Title: Lopinavir–ritonavir in patients admitted to hospital with COVID-19 (RECOVERY): a randomised, controlled, open-label, platform trial
Author: Peter W Horby, Marion Mafham, Jennifer L Bell, Louise Linsell, Natalie Staplin, Jonathan Emberson, Adrian Palfreeman, Jason Raw, Einas Elmahi, Benjamin Prudon, Christopher Green, Simon Carley, David Chadwick, Matthew Davies, Matthew P Wise, J Kenneth Baillie, Lucy C Chappell, Saul N Faust, Thomas Jaki, Katie Jefferey, Wei Shen Lim, Alan Montgomery, Kathryn Rowan, Edmund Juszczak, Richard Haynes, Martin J Landray
Lopinavir–ritonavir has been proposed as a treatment for COVID-19 on the basis of in vitro activity, preclinical studies, and observational studies. Here, we report the results of a randomised trial to assess whether lopinavir–ritonavir improves outcomes in patients admitted to hospital with COVID-19.
In this randomised, controlled, open-label, platform trial, a range of possible treatments was compared with usual care in patients admitted to hospital with COVID-19. The trial is underway at 176 hospitals in the UK. Eligible and consenting patients were randomly allocated to either usual standard of care alone or usual standard of care plus lopinavir–ritonavir (400 mg and 100 mg, respectively) by mouth for 10 days or until discharge (or one of the other RECOVERY treatment groups: hydroxychloroquine, dexamethasone, or azithromycin) using web-based simple (unstratified) randomisation with allocation concealment. Randomisation to usual care was twice that of any of the active treatment groups (eg, 2:1 in favour of usual care if the patient was eligible for only one active group, 2:1:1 if the patient was eligible for two active groups). The primary outcome was 28-day all-cause mortality. Analyses were done on an intention-to-treat basis in all randomly assigned participants. The trial is registered with ISRCTN, 50189673, and ClinicalTrials.gov, NCT04381936.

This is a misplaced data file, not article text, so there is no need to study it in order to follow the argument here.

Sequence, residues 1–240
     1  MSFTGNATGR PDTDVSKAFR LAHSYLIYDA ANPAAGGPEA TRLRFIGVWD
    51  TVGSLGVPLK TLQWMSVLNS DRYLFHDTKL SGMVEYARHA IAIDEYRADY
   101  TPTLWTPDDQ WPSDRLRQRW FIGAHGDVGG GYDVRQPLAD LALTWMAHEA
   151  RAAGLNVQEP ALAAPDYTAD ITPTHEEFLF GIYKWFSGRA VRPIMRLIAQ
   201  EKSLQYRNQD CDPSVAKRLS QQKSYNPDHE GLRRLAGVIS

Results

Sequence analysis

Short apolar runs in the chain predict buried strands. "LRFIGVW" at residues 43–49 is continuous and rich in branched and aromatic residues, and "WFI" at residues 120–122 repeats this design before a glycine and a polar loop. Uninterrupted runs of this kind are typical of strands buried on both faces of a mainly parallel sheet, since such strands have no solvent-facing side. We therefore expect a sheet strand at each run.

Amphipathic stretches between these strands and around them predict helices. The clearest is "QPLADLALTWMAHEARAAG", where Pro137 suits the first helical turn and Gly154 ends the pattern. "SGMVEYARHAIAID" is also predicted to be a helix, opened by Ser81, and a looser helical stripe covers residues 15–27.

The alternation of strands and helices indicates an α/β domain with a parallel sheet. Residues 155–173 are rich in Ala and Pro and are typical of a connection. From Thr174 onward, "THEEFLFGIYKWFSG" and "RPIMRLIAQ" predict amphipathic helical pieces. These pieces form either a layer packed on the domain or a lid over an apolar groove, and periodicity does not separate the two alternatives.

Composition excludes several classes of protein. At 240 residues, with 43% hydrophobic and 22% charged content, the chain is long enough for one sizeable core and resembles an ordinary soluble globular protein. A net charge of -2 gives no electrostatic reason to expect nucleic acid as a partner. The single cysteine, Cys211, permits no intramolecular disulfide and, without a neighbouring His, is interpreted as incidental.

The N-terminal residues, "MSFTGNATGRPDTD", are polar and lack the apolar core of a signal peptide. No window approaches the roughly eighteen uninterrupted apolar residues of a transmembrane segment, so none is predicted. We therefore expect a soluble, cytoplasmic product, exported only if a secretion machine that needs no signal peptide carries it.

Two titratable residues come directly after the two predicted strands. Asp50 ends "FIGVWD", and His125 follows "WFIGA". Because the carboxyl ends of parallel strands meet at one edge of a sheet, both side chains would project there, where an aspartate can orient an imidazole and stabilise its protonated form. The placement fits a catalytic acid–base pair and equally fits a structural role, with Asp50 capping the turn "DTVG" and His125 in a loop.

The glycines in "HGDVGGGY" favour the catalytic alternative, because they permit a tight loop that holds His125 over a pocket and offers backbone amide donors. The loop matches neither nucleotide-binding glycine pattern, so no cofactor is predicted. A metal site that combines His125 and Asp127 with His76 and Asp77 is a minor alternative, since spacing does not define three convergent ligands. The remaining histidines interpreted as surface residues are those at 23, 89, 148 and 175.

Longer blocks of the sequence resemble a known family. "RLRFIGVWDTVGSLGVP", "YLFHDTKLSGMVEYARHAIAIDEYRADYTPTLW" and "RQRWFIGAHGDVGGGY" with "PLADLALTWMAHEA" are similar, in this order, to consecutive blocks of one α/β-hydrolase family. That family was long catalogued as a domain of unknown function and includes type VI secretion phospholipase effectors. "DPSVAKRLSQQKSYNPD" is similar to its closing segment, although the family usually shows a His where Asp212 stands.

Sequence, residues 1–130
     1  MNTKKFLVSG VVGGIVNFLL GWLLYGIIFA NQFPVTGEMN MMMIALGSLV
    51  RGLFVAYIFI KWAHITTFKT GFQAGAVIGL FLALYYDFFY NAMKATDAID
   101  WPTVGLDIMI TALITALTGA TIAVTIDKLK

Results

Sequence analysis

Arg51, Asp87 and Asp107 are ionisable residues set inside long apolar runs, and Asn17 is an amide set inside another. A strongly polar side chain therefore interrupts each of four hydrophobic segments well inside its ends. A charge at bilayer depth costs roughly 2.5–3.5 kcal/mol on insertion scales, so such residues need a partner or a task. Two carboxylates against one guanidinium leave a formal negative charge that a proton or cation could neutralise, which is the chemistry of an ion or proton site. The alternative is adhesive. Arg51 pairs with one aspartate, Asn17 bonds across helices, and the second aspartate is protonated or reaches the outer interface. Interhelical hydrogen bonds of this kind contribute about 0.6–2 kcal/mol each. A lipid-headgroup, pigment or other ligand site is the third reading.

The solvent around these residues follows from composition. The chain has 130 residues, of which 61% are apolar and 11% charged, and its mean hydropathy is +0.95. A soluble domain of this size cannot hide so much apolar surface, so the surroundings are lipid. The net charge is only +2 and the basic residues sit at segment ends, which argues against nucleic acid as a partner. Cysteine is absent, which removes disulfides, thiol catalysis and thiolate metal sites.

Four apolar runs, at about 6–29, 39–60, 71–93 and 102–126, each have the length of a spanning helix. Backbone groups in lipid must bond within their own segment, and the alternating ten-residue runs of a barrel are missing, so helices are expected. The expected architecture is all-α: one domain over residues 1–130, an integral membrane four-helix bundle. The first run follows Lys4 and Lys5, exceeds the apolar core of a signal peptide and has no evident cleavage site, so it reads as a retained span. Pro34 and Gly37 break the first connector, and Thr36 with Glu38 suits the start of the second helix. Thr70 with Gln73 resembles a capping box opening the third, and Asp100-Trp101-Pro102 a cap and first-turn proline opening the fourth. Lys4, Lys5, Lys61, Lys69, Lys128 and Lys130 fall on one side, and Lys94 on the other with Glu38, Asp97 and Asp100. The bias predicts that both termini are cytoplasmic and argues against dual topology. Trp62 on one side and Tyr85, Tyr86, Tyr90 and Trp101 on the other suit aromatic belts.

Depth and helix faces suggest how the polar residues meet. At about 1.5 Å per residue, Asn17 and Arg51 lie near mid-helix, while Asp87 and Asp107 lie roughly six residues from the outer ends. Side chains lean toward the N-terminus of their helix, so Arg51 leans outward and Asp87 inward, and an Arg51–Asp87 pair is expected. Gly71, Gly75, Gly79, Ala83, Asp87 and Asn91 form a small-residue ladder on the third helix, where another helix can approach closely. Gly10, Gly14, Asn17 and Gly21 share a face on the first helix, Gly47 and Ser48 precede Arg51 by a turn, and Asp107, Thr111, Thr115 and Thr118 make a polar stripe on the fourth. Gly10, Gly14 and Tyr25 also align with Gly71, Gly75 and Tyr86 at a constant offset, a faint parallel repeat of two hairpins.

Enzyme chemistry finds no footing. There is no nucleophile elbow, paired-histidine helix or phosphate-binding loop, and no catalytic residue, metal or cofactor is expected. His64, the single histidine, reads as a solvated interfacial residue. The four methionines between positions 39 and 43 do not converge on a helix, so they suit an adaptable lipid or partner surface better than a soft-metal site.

Between March 19, 2020, and June 29, 2020, 1616 patients were randomly allocated to receive lopinavir–ritonavir and 3424 patients to receive usual care. Overall, 374 (23%) patients allocated to lopinavir–ritonavir and 767 (22%) patients allocated to usual care died within 28 days (rate ratio 1·03, 95% CI 0·91–1·17; p=0·60). Results were consistent across all prespecified subgroups of patients. We observed no significant difference in time until discharge alive from hospital (median 11 days [IQR 5 to >28] in both groups) or the proportion of patients discharged from hospital alive within 28 days (rate ratio 0·98, 95% CI 0·91–1·05; p=0·53). Among patients not on invasive mechanical ventilation at baseline, there was no significant difference in the proportion who met the composite endpoint of invasive mechanical ventilation or death (risk ratio 1·09, 95% CI 0·99–1·20; p=0·092).
In patients admitted to hospital with COVID-19, lopinavir–ritonavir was not associated with reductions in 28-day mortality, duration of hospital stay, or risk of progressing to invasive mechanical ventilation or death. These findings do not support the use of lopinavir–ritonavir for treatment of patients admitted to hospital with COVID-19.